The “commoditise the complement strategy” and the sightseeing technology sector

December 2nd, 2021

Alex Bainbridge

This strategy, from 2002, remains a classic that any senior commercial executive at travel technology companies will have internalised:

Demand for a product increases when the price of its complements decreases. In general, a company’s strategic interest is going to be to get the price of their complements as low as possible. The lowest theoretically sustainable price would be the “commodity price” — the price that arises when you have a bunch of competitors offering indistinguishable goods. So:

Smart companies try to commoditize their products’ complements

If you can do this, demand for your product will increase and you will be able to charge more and make more

[Source – Joel On Software]

It appears GetYourGuide is applying this strategy – they are commoditising the tour guide (with Originals), and now with B2B technology, commoditising attraction reservation tech (See news about their new B2B tech platform). They don’t have to achieve industry scale to achieve commoditising their complement, they just need to get sufficient scale to dampen price / opportunity.

Same happening with booking transaction data standards. This week has seen two calls for transaction standards leading to long debates on LinkedIn (Rod Cuthbert / Christian Watts). The calls came from companies where transactions are a complement rather than a core focus. Clearly those calling for transactional standards understand the commoditise the complement strategy.

However, we shouldn’t throw the baby out with the bath water (as we say here in the UK!), some standards can be agreed across industry. To find these, you need to look at what is non-core for everyone:

  • COVID data
  • Self-Sovereign Identity (see explanation video below)
  • Voice first – readying the industry for voice distribution and voice transactions

The standards have to be set BEFORE we then compete to innovate based on those standards. It is too late for that to happen on transaction standards as any proposal will create winners or losers leading to partial adoption. We need full adoption (or at least opportunity for full adoption) to make the short term pain worth it.

More on SSI from Phocuswright

Centralising vs Decentralising

All technologies that we see now fall into two camps – centralising & decentralising. Do you want large entities (such as online travel agents) at the centre, gaining power, increasing commissions (rent) that results from this power? Or do you want an industry where consumers book directly with operators? There is no right or wrong answer, everyone will have their own view on what they prefer.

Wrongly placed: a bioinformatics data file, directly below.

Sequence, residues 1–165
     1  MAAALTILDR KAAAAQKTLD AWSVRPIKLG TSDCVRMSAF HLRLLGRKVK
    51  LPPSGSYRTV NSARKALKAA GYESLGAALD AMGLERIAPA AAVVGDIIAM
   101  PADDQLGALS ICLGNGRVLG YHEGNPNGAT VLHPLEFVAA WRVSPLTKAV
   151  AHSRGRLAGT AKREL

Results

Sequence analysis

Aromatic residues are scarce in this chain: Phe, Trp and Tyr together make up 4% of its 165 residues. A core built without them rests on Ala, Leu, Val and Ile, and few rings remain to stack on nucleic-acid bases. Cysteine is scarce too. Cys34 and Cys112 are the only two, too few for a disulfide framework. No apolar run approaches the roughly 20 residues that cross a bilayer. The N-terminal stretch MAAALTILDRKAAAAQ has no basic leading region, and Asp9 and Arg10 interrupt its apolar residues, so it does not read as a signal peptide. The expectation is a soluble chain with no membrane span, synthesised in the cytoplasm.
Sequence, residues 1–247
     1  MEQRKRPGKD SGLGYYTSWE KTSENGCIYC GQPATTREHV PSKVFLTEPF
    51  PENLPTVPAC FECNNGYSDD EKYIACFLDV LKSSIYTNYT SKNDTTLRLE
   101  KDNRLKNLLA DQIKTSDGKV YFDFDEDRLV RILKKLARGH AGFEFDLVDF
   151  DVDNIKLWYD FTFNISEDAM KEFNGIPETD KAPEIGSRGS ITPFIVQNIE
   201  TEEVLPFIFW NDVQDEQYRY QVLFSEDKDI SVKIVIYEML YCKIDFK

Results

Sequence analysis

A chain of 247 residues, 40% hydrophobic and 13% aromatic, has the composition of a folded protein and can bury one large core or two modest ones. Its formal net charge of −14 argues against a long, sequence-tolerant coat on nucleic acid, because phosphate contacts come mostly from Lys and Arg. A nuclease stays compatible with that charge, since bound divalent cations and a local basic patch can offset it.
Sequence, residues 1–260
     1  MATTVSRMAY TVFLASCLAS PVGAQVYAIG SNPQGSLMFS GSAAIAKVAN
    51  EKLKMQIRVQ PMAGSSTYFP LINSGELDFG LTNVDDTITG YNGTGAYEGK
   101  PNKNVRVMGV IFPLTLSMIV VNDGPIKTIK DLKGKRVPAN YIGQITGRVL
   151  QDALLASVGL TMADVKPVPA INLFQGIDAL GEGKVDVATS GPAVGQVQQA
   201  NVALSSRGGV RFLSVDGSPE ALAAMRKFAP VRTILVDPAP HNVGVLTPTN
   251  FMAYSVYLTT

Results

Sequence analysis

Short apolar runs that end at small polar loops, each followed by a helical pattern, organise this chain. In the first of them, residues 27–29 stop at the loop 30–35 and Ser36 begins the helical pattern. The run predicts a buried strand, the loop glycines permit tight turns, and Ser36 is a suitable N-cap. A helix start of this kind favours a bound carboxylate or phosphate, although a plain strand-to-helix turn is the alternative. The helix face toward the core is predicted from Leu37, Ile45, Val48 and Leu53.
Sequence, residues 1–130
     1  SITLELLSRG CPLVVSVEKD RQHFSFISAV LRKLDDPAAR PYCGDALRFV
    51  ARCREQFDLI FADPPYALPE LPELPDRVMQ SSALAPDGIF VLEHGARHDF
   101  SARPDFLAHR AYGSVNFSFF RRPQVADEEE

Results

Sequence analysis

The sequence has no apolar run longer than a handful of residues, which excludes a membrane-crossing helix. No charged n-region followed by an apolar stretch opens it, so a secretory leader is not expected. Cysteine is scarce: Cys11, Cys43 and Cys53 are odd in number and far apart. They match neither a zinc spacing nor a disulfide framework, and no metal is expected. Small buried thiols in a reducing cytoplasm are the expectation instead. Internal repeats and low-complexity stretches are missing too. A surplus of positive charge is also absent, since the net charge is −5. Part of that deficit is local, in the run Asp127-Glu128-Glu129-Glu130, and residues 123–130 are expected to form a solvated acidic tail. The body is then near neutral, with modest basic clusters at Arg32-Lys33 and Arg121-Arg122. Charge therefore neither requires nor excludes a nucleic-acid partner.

Broadly, this is how to divide upcoming tech into centralising vs decentralising…..

Centralising

  • Online travel agents becoming more powerful (as fewer of them) – e.g. in recent times Orbitz going to Expedia, or Expedia now using 3rd party product data
  • Octo standards – reducing friction sounds great, but can lead to winner takes all, i.e. is a centralising force
  • Autonomous vehicles – when Cruise (Microsoft) put 4000 robotaxis into 1 city (at a cost I guess of 400 million USD) that will have a centralising effect on tourism in that destination

Decentralising

  • Improved direct marketing support from reservation systems working with search engines / social
  • SSI standards & verified credentials (see video above)
  • Web3 (e.g. DAOs)

Summary

Every business in this sector is someone else’s complement. We are a network of interdependent companies with a shared mission to serve the consumer.

Some of us have VC money and some do not. This adds complexity not just because of resources, but motivation. The VC backed companies are expected, by their investors, to capture the majority of the value. This is not a compatible mindset when working alongside non-VC backed companies that are co-dependent. This is a primary reason why tour operators are attracted by potential decentralisation.

Far too early to suggest if centralising or decentralising will prevail – there are powerful forces on both sides. However when someone pitches a solution to a problem, it is worth considering if it will have centralising or decentralising impact and where that pitcher is on the centralisation / decentralisation scale.

Image: Pexels

This content is protected by copyright. Link sharing is encouraged but duplication and redistribution is illegal

Comments

2 responses to “The “commoditise the complement strategy” and the sightseeing technology sector”

  1. Great article. IMO, decentralized projects like Travala, etc. will be a great way to incentivize the host and the guest with tokenomics.